Free Ride

Moses Avalon

I have never met Robert Levine, but if I do, buying him a drink will not be enough. If I could, I would buy Robert Levine a car. Yes… That seems appropriate for the mastery of work he has created in his book, Free Ride: How Digital Parasites are Destroying the Culture Business.

Recently I sat on a panel for MEIEA, (Music and Entertainment Industry Educators Association Summit) on their “New Entrepreneurs” panel. With me was Kyle Bylin, a free-tard who used to write for both Hypebot and Billboard.

I call him a free-tard, not because he’s dumb (quite the contrary) Or because I have anything against him (I do not) but because like so many of the net-generation–raised where you could achieve notoriety without actually producing anything tangible–he seemed to still believe in ideals like the Long Tail theory of economics.

You remember that one, don’t you? You give music away for free (or charge next to nothing) and somehow make up the difference on the volume, touring and merchandise. It’s the Long Tail logic that inspired Radiohead’s famous “pay what you want” release In Rainbows: an experiment that neither they, nor anyone else in the know, has repeated. (Results here.)

I know that few under 25 will readily agree with Levine’s Free Ride, but my guess is that this is mostly out of some kind of generational loyalty. You can’t get laid today unless you disagree with old farts who still believe in selling physical goods and creating passive revenue streams. Instead, to get ‘em hot nowadays, you talk of giving away everything while your investors wait patiently. This is what makes you look like a hero. This is today’s rock star. Instead of free love, we now have free everything.

When I mentioned Free Ride on the MEIEA panel, Kyle rolled his eyes, “I wish I had time to debunk line by line everything in that book.” I responded, “Then why don’t you?” I’d certainly like to hear some intelligent counter arguments and if anyone could offer them inteligently it would be Kyle. But, he supplied none at the time. (Maybe reading this will motivate him.)

If you have not read Free Ride and you are a songwriter, recording artist, journalist or TV person, then you are living in ignorance. The freemium model postulated by Google and ISPs is wreaking havoc on our economy and Levine tells you how with arguments (although some would say sophistry) as solid as granite.

In several lucid chapters Levine explains and elaborates the issues I introduced in my 2005 piece, The DRM Manifesto, with far more astonishing detail than i ever could. More of this sentiment was recently touched upon in a Dave Lowery piece about the new boss being worse than the old boss.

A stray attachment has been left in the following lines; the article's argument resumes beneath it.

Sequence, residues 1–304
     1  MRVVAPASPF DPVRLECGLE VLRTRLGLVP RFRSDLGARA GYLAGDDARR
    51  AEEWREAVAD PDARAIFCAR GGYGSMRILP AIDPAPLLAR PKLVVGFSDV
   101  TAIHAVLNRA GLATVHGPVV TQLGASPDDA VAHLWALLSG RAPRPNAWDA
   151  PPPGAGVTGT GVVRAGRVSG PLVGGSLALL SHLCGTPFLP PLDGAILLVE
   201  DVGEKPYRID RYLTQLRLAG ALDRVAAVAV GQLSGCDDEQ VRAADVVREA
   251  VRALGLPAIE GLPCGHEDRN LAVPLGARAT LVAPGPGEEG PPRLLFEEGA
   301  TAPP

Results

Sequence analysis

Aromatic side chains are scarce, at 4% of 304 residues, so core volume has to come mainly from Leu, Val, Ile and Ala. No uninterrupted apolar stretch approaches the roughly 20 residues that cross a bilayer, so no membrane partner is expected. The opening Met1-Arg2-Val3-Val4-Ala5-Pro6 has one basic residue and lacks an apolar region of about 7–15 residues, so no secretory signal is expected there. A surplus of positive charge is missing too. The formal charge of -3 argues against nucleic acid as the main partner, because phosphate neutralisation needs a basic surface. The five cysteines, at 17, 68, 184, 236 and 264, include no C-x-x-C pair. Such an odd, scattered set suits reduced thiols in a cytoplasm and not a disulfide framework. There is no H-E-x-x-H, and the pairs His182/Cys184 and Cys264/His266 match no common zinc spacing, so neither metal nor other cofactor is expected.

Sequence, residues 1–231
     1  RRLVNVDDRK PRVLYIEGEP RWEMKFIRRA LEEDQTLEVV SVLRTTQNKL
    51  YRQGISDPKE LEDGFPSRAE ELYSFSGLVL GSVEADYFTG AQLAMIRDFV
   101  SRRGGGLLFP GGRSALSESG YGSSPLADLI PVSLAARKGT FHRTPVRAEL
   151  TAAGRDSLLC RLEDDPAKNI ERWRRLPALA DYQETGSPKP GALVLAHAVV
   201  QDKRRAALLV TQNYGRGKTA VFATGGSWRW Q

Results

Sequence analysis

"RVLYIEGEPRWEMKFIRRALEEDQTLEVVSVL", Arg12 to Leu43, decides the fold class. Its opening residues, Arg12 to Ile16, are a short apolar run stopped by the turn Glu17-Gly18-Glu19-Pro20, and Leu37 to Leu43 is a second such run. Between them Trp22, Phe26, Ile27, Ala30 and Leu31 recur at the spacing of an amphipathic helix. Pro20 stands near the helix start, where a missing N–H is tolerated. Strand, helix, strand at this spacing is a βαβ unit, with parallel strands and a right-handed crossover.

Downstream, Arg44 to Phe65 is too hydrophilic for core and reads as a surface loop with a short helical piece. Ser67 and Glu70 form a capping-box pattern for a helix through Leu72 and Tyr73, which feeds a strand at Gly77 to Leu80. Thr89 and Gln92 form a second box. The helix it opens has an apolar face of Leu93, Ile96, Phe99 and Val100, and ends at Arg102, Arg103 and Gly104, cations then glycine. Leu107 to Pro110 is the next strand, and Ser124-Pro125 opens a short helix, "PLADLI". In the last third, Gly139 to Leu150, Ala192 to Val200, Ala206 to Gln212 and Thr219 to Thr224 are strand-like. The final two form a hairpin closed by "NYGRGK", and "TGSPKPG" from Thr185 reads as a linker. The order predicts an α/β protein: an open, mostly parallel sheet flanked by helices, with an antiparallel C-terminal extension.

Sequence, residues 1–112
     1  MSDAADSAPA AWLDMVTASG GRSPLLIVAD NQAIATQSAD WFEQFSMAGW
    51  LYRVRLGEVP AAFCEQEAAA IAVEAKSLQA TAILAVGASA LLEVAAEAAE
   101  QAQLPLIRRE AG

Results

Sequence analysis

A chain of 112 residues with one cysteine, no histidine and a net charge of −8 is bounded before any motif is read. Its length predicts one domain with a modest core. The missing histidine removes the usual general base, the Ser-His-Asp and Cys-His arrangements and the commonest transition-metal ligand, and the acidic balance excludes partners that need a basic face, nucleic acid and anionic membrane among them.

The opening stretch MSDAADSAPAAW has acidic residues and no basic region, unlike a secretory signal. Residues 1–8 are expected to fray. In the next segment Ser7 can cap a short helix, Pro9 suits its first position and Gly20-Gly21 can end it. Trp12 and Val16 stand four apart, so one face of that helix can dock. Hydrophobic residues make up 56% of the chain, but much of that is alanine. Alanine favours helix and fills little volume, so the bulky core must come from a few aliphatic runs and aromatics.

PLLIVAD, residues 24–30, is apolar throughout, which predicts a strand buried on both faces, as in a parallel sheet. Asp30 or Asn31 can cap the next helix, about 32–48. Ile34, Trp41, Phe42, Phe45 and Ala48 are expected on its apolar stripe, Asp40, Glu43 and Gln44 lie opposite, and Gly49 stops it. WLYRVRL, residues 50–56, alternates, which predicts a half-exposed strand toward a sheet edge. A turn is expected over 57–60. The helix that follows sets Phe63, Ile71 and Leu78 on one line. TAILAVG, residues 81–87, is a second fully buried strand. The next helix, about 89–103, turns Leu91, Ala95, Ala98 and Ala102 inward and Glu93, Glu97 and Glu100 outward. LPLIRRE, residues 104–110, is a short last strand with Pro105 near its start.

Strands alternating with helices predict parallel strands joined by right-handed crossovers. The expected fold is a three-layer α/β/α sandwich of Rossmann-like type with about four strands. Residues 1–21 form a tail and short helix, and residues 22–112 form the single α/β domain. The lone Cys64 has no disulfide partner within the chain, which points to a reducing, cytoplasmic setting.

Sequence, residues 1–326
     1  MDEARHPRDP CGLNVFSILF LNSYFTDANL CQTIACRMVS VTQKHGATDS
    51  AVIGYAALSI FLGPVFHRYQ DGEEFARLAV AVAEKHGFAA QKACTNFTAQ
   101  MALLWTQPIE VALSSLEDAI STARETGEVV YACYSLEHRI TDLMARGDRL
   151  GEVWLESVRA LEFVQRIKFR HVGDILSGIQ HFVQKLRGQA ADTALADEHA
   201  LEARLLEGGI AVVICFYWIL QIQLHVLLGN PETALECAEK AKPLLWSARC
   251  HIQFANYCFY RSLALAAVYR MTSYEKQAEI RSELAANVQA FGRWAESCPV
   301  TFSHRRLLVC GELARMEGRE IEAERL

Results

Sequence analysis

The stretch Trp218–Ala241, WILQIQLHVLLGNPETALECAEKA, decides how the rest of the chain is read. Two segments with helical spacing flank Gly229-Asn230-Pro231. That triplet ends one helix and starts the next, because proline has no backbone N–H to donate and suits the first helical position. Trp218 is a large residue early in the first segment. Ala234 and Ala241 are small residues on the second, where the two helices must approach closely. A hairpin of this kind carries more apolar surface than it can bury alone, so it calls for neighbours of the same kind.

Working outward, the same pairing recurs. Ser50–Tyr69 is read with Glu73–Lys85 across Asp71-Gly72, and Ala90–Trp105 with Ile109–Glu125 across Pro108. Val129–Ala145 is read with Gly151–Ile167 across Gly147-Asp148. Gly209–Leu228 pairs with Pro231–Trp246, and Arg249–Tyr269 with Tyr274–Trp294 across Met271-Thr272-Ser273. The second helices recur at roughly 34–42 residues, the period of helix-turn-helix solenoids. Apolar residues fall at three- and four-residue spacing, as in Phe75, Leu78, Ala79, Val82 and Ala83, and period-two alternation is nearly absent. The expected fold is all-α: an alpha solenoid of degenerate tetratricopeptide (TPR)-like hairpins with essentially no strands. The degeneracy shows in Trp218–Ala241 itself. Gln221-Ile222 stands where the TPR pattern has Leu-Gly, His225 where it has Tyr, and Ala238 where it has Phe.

But one day “generation free” will be over forty and they, like so many hippies when they reached middle-age, will realize that a fair amount of the anti-establishment rhetoric they supported was the product of generational group-think, not sound economic theory.

Parting joke courtesy of Moses Supposes reader Matt Skills, “A million people walk into a bar in Silicon Valley. No one buys anything. It was a great sucess.”

Mo out


23 responses to “Free Ride”

  1. John says:

    I think you’re mistaking the Long Tail with the Freemium model. Freemium is giving away music to increase sales of tickets, merchandise and other branded goods. Long tail is all that stuff Tunecore distributes that sells little individually but sales of the catalog overall has some significance.

  2. d+b+t says:

    I’m not super familiar with the economic theories of the music industry or the books you mention, though I’d be interested to read them. But something I personally think is relevant is that not everyone can afford to pay for every album or piece of music they like. I know I can’t, and I’d have to be pretty well off to financially support every artist making something I like. That’s why I appreciate the free or donation / pay what you want format. I think it is a conscientious distribution choice which acknowledges that plain economic fact about a huge cross-section of listeners, while providing the option for people to contribute if they are able and willing to support.

    It is certainly a problem that people don’t value the creation of music as much as they should considering the benefits they receive from it, and therefore don’t view supporting artists they like as something that is really needed. This possibly stems from the fact that most people are not highly dedicated musicians and therefore don’t understand the time & effort involved in producing music. That coupled with the greatly increased amount of music available both legitimately free and stolen, since historically speaking far more people have access to production (and bootlegging) tools than ever before.

    I’m not an expert by any means, but I see the whole “free everything” movement as primarily an economic reaction. A lot of people just don’t have enough money to pay for what everything is worth (or what is charged for it, in many cases). You could really go down the rabbit hole with that one though, and I’m not trying to. But I do think everything is connected in many ways. In any case, it is unfortunately a difficult problem to solve, and as everyone knows, requiring payment for music only puts a slight hurdle in the way of people acquiring it for free on their own.

    I make all of my music available for free or donation. I wouldn’t say I know that it’s the best option, but as an independent artist in midst of the current economy & general trends of culture, I can’t help but recognize that restricting music only to those willing to pay a certain price will decrease the amount of people who will listen to it, considering the vast amount of choices one can make. This goes especially for music that is more exploratory or challenging than whatever is popular in any major musical arena at the moment.